Since digoxin is the most prescribed digitalis all around the world, we will focus on a few pharmacologic characteristics of this drug. It is excreted exponentially, with an elimination half-life of 36-48 hours, in patients with normal renal function, resulting in a loss of about one third of body stores per day. Renal excretion of digoxin is proportional to the glomerular filtration rate, and thus, to creatinine clearance. With daily maintenance therapy, a steady state is reached when daily losses are matched by daily intake. This may take 5-7 half-lives or 7-10 days, in patients with normal renal function, who are starting on the drug. A patient's estimated lean body mass should be used to calculate the maintenance dose. Also, the doses should be adjusted in patients with chronic renal failure. A large number of concomitant drugs may alter digoxin pharmacologic characteristics and lead to intoxication2.
Digoxin has extremely low therapeutic index, and its use should be carefully monitored by serum blood levels. The optimal trough serum level is 0.5 to 1.0 ng/mL 2. This is achieved with a prescribing dose of 0.125 mg to 0.25 mg/day orally taken dose. In the geriatric population and in those with renal dysfunction, the dose might be even lower, such as 0.125 mg in alternate days.4 Blood samples for measurement of serum digoxin should be taken at least 6 to 8 hours following the last dose2. Generally, overt clinical toxicity tends to emerge at serum concentrations greater than 2.0 ng/mL. Digitalis toxicity should be suspected whenever patients using the drug present with gastrointestinal disturbances (nausea, vomiting, diarrhea), neurological symptoms (mental confusion, tremors of the extremities) or cardiovascular (atrial-ventricular -AV- blocks, ventricular premature beats, atrial tachycardia with variable AV blocks). These individuals must have the drug withdrawn and serum digoxin levels measured4. The enhanced automaticity of cardiac tissue in response to digitalis is increased in hipokalemia and some advocate the administration of oral potassium for atrial, AV junctional or ventricular ectopic rhythms. The widespread availability of Fab fragments of high-affinity, polyclonal, digoxin-specific antibodies could save patients with life-threatening arrhythmias due to digitalis toxicity2,4.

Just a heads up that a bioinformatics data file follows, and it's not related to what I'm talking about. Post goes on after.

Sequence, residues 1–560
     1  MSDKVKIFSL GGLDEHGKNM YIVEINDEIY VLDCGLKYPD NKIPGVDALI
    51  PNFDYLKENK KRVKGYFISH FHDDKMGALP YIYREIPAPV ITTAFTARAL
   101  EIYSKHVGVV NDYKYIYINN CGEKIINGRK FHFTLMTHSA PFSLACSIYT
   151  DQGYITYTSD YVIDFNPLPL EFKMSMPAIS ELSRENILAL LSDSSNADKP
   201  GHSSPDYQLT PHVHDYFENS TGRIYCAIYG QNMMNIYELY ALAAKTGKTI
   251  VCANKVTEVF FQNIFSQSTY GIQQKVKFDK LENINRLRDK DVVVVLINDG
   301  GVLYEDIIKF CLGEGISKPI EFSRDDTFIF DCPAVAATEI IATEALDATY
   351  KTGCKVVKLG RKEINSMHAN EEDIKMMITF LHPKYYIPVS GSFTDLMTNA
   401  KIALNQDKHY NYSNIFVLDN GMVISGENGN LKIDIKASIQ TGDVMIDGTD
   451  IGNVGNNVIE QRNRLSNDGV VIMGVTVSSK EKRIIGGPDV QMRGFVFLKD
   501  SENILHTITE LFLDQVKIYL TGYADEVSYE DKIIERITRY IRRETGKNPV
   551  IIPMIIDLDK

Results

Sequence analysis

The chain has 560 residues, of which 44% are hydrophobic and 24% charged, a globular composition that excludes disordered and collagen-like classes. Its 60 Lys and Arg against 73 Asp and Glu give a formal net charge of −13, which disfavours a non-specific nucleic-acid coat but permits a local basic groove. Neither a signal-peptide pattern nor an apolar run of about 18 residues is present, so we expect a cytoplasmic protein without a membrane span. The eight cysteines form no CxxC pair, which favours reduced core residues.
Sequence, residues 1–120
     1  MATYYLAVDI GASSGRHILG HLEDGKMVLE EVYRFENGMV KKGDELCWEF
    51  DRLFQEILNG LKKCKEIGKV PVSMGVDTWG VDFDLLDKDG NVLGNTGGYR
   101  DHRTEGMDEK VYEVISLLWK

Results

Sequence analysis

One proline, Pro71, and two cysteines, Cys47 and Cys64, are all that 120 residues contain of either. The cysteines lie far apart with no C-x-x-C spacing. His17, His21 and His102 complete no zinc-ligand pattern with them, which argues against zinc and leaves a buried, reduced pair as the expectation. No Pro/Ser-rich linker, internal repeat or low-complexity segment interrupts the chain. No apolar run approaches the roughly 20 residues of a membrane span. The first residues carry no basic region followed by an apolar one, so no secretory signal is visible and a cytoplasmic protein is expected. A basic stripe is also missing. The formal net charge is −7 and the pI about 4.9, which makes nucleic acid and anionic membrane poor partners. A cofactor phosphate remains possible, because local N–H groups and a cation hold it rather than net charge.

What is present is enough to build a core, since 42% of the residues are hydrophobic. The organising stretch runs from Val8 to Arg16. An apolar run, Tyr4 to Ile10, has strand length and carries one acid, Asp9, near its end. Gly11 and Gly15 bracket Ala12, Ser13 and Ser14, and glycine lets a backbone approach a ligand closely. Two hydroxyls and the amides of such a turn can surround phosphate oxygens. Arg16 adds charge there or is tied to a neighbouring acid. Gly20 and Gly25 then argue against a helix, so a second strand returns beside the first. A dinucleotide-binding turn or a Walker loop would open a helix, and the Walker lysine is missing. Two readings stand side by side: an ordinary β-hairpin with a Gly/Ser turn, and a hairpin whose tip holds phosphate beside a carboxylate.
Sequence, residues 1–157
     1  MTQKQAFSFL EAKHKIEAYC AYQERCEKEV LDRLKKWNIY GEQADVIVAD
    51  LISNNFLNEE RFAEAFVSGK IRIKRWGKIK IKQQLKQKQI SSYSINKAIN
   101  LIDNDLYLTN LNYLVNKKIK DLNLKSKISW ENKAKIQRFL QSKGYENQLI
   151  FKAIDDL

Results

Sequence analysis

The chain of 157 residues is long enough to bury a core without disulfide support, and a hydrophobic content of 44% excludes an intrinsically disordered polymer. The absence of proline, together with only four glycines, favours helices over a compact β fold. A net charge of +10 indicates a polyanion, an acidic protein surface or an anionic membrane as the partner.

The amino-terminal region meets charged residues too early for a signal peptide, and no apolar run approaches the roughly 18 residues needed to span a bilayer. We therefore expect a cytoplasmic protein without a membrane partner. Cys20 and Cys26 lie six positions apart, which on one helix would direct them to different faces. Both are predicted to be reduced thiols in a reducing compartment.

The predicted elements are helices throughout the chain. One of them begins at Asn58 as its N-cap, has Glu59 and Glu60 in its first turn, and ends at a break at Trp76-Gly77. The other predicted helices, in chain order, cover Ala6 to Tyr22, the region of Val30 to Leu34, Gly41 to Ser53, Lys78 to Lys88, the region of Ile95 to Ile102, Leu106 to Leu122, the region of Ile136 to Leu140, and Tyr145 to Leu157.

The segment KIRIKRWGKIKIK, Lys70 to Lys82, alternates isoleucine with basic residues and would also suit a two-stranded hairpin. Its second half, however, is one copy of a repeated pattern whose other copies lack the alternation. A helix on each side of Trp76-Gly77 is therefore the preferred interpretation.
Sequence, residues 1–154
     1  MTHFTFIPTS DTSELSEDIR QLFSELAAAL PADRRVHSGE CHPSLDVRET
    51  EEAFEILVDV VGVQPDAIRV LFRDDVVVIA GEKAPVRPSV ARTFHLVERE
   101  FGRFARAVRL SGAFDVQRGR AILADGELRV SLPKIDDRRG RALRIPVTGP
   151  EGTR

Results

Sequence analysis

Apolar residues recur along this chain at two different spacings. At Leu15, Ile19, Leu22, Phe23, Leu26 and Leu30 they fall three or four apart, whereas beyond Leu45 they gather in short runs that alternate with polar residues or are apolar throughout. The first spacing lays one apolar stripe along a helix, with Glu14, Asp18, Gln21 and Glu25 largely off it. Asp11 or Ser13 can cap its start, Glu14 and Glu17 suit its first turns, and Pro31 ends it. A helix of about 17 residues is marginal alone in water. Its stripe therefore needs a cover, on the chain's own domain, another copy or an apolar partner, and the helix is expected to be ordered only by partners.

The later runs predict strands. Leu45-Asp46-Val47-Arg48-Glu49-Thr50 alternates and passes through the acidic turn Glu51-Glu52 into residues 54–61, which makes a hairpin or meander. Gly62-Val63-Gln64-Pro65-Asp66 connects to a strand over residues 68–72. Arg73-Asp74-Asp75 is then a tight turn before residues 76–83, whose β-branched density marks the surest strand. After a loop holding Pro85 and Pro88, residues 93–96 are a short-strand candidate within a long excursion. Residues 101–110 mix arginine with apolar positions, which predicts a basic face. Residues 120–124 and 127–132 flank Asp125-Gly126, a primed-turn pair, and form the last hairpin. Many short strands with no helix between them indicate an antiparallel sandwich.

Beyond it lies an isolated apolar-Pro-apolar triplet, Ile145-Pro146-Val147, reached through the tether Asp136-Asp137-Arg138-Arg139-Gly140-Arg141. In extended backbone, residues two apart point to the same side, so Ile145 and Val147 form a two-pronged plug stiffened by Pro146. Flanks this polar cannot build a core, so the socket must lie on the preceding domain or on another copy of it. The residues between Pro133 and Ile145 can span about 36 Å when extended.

Clinical benefits in heart failure

Several clinical trials have documented symptomatic improvement in HF patients using digitalis. They also improve HF scores, increase exercise capacity and VO2, improve hemodynamics at rest and on exercise, increase left ventricular ejection fraction (LVEF) at rest and on exercise, and reduce heart rate (HR). Those benefits occurred independently of the cardiac rhythm or the etiology of HF5,6,7.

Both of these were multicenter, prospective, randomized, placebo-controlled trials to examine digoxin discontinuation in patients with mild-to-moderate HF (ie, in New York Heart Association -NYHA- functional classes II to III and systolic dysfunction - LVEF≤0.35).
All patients studied were in sinus rhythm: target serum digoxin concentration in both studies during the baseline run-in phase was 0.9 to 2.0 ng/mL. All individuals received diuretics. RADIANCE (Randomized Assessment of Digoxin on Inhibitors of Angiotensin Converting Enzyme) patients also received concurrent therapy with an angiotensin-converting-enzyme (ACE) inhibitor. When patients were randomly assigned either to continue active digoxin therapy or to withdraw from active drug and receive a matched placebo, 40% of patients in PROVED (Prospective Randomized Study of Ventricular Failure and the Efficacy of Digoxin) and 28% of patients in RADIANCE who received placebo noted a significant worsening of HF symptoms, compared with 20% and 6%, respectively, of patients who continued to receive digoxin. This absolute risk reduction of 20% in digoxin-treated patients constituted a substantial treatment effect. However, neither of these trials had the statistical power to detect an effect of digoxin therapy on the survival of patients with HF, nor the endpoint for which efficacy had already been established for the use of selected vasodilators in this disease. In PROVED trial there was also a reduction in hospitalization for HF, lower blood urea nitrogen (BUN) and serum creatinine levels, a higher LVEF, and better exercise capacity. In RADIANCE, the digoxin group had a better LVEF, quality of life and exercise capacity5,6.
Further analysis of these trials have shown some other important additional information: 1) use of digoxin therapy in patients with HF would result in net annual savings of $406 million8 and 2) the efficacy of 3 levels of serum digoxin concentrations (0.5 to 0.9 ng/mL, >0.9 to ≤1.2 ng/ml and >1.2 ng/mL) were evaluated with regard